When I was first entered university, my first major was psychology. I had become interested in this field after events in my youth led me to realize the importance of counselling. I was encouraged by teachers and friends to pursue it and, though I was genuinely interested in the practice, I became disappointed after a few introductory classes. Though I realize now how premature my judgement was, I had felt that psychology did not seem to answer the big questions I had at the time; questions I only later realized were more theological than psychological.  So, I changed my major to Religious Studies. The exploration of religious traditions, philosophy, and humanities answered personal questions I had about life and myself, provided me with other questions, and expanded my appreciation for the relationship that human beings of various faiths and cultures have always had with questions of existential concern. I was then, as I am still now, fascinated by the human expression of spirituality and its relationship with personal wellbeing.

After graduating with my BA (cum laude) in Humanities and Religious Studies, I decided to pursue a graduate degree. I had considered degrees in religious history or theology, but my interests were always underpinned by a desire for knowledge that could help me to grow personally and provide me with the competencies and skills to provide spiritually-integrative counselling and support for others. It was at this time that I first became aware of chaplaincy, a profession that combined religious studies with counselling. In 2009, I entered the first accredited Islamic chaplaincy program at the Hartford Seminary. The program appeared to combine everything I was interested in at the time. Not only were there courses that examined a rich history of human struggles to understand issues of existential concern, there were complementing courses that helped us to ground these struggles within an understanding of mental health, pluralism, and global ethics.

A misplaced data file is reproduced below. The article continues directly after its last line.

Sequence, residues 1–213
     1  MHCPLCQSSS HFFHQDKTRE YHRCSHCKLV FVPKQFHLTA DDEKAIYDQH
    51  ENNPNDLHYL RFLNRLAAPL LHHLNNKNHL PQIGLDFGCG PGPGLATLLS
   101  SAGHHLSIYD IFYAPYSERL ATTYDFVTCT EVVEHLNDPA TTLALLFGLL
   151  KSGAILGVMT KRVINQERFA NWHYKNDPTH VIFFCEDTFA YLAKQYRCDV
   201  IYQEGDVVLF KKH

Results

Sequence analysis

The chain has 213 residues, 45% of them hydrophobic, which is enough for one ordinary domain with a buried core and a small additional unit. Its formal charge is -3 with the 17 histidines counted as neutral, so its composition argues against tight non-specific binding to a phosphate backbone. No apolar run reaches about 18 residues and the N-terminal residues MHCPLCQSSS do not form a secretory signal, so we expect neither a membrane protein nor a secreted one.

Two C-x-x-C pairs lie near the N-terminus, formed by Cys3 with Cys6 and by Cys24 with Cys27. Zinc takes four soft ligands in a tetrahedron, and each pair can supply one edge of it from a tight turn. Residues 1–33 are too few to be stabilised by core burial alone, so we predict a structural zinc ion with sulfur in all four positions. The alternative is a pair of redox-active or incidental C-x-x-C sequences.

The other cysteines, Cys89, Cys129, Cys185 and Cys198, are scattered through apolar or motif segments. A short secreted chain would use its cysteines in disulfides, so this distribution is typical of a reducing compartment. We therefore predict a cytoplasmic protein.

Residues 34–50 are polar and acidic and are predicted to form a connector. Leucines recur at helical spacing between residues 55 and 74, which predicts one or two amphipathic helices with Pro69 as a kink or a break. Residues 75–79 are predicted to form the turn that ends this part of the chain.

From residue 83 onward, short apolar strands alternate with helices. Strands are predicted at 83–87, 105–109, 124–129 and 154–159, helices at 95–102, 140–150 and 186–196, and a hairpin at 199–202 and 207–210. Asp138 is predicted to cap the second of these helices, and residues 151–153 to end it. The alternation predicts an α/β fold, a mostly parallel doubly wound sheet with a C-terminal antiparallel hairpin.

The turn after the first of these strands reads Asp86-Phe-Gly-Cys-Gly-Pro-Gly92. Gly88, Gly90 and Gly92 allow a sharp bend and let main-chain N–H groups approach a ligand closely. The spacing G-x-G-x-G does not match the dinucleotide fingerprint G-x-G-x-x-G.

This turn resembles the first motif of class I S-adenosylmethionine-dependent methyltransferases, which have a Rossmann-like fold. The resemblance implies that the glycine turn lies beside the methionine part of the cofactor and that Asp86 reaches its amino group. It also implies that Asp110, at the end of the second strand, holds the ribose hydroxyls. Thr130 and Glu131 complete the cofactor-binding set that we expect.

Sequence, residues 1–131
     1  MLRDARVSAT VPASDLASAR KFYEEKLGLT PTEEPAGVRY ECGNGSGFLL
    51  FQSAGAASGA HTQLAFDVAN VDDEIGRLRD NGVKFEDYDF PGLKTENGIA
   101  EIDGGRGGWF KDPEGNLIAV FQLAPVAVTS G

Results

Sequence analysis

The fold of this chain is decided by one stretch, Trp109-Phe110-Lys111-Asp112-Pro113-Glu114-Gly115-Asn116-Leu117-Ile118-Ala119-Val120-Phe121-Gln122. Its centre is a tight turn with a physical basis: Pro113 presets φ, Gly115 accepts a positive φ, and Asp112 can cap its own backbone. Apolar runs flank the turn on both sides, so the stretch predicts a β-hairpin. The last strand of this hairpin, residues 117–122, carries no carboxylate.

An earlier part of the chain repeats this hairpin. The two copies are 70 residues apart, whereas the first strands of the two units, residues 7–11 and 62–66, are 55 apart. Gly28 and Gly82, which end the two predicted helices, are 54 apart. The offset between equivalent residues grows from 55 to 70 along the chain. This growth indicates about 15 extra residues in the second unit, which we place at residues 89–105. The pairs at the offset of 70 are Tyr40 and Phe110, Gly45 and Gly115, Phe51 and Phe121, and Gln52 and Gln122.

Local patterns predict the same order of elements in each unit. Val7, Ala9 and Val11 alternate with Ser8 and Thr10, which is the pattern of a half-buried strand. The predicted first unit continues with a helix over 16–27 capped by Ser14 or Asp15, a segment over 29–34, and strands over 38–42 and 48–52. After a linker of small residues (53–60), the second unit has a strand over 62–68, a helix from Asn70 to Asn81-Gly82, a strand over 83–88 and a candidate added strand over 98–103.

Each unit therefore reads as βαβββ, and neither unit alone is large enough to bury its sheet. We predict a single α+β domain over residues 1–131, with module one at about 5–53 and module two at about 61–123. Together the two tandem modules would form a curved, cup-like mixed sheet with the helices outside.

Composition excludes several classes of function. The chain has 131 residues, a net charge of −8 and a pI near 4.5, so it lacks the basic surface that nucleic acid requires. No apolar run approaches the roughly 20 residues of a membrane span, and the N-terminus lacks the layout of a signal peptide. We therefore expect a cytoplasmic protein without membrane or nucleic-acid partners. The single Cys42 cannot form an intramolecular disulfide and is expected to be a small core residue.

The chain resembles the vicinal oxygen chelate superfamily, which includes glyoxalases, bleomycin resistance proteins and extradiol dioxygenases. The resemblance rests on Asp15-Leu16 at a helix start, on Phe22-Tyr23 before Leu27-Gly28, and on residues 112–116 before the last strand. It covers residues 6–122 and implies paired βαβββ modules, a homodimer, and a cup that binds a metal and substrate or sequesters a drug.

The Hartford Seminary’s Islamic Chaplaincy program has proved vital for my academic and professional development and has formed an important foundation for my understanding of community and wellbeing. The professors and fellow students (many of whom were from various countries and faith traditions) have helped me to better recognize the needs of marginalized religious communities, the importance of research and mental health advocacy, and how public institutions are being reshaped (or need to be) to better meet the religious, spiritual, and psychological needs of diverse individuals; particularly religious minorities. It was also at this time that I was introduced to clinical pastoral education (CPE). As part of the seminary’s program, I was required to complete four-hundred hours of supervised training and clinical practice in pastoral care. However, I enjoyed the clinical training and experience so much that while completing my Graduate Certificate and Master of Arts degree, I pursued an additional sixteen-hundred hours of CPE as a resident in the Spiritual Care Department at St. Joseph’s Healthcare Hamilton. As a resident, I provided spiritually-integrative care and counselling to diverse medical and psychiatric patients, staff, and family members through one-on-one counselling and weekly spirituality groups with a mental health focus. Moreover, I was able to conduct research (later published; see Long, 2014) and graduated with distinction among my cohort, receiving the department’s award for the resident who best integrated clinical work, academics, and research.